The Employ category which tracks employment gains, losses and general sentiment which dominated the coverage between August and December of 2012 was reduced to 20.5%. With a further 164 jobs lost in the sector and 6210 gained in 2013. You would imagine that the first indications are positive, however the $1.8Bn AUD McMahon contract win to run the Fortescue Metals Group (FMG) Christmas Creek expansion included 6000 hires. As was shown last year, when the iron ore prices tumbled mid-year FMG came under intense financial and speculative pressure. With the potential for the $AUD to rise this year and FMG’s inability to dig up its product for less than approximately $110pmt I would be concerned that, if we see further volatility in the steel index then, the employment gains might not be curtailed by global economic conditions. Overall employment sentiment was slightly negative (-3) but this was more about some ongoing cost cutting and job shedding (just 164 jobs lost) without any large pickup in new hires (210 if you exclude the McMahon contract).

FIFO/DIDO (or Fly-In Fly-Out/Drive-In Drive-Out) is a workforce planning subject unique to only a few industries and has become the dominant method of bringing in large construction and mining workforces into Australia’s remote regional areas, especially over the last decade. In many respects when I look at the FIFO/DIDO figures I also double-check against Work/Life which covers all aspects of Work Life Balance and Work Life Fit issues. At just four stories (one negative, one positive and two neutral) it wasn’t dominate but it is still on the radar for 2013. Of note was a story from my home state of Queensland which discussed tougher guidelines for FIFO with the intent of increasing development of regional areas, thus probably opening a discussion and less emphasis on pure FIFO operations over regional improvements.

Recruit/Retain which follows all aspects of recruitment and retention was the only category to record a positive number for January. As recruitment agencies put out their expected mining employment/skills wish-lists for 2013, the Mining Oil & Gas Jobs infographic (which was a little basic to be honest) generated a very large discussion (for further info see the Mining Oil & Gas Jobs website. I would also suggest that mining recruitment agencies, especially the small ones might come under some pressure this year as the sector insourced its recruitment during the latter part of 2012 as a continual cost cutting exercise while at the same time Foreign Direct Investment (FDI) comes off the boil.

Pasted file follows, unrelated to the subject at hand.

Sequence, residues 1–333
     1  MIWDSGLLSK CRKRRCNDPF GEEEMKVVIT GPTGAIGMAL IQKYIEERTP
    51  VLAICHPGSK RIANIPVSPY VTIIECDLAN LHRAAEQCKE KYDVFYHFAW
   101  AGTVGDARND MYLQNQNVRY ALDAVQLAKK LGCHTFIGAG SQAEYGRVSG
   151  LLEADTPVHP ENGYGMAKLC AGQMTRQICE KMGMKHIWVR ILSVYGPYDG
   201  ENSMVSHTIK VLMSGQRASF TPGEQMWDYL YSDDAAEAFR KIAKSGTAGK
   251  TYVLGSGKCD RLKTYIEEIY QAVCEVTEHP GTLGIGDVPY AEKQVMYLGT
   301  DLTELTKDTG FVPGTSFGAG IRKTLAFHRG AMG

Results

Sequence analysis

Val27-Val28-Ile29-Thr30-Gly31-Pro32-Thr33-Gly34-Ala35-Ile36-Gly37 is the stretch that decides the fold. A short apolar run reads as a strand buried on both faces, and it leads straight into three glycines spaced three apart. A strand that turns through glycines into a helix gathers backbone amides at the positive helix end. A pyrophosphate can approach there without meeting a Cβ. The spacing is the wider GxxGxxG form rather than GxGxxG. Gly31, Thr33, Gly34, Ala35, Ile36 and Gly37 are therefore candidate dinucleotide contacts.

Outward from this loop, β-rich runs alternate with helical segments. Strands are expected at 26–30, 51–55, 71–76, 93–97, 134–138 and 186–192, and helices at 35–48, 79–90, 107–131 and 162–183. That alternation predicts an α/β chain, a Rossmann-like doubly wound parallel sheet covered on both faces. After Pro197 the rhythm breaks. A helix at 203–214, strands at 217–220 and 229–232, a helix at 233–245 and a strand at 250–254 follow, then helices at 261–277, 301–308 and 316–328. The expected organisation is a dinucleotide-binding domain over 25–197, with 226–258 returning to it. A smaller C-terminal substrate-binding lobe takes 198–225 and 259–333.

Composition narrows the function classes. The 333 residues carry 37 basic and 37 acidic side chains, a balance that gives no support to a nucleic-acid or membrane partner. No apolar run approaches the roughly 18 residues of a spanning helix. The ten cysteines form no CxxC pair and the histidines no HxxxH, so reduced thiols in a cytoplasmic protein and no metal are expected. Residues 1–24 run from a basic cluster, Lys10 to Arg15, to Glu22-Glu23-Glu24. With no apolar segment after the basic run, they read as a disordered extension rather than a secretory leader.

Lastly, IR had just three stories, all of which were separate New Year industrial actions thus it equalled employment with a negative 3. This included a story at the Hay Point Terminal where 300 construction workers employed by McConnell Dowell and GEOSEA, have been waiting for up to four weeks to be paid! Fair enough too.

Here is a closer look at the January data.

3 - Mining_Data_Jan2013

Table 1: Data for Australian Mining Workforce Planning Scan 2012 (Jan 2013). Data sourced from Australian Mining & News Archive.

Finally, here is a look at the Mining Employment Gains/Losses tracker for 2013.

4 - Mining_Employment_Jan2013

Table 2: Mining employment losses and gains 2013. Data sourced from Manufacturing Monthly Newsletter & News Archive.

To wrap up, I feel there is uncertainty in the story thus far. First of all, I am not sure at this stage we have enough data to state whether or not mining is starting to normalise or if the sector is still in its ‘wait and see’ mode. I suspect that it’s still in a ‘wait and see’ phase, especially with a federal election called for the 14th September 2013. Secondly, I know that the mining industry is no fan of the current Labor government and would be hoping for a conservative win but not sure how that will impact on the workforce planning issues and the data.

I guess we will all have to all ‘wait and see’…

Update 1 (1/02/2013): Magda Knight (Enhance Media SEO) requested an inclusion of a link to the Mining Oil and Gas Jobs site via email. Given that I had made especial mention of their January infographic (and it’s a most reasonable request) I’ve included that link above and in a previous paragraph.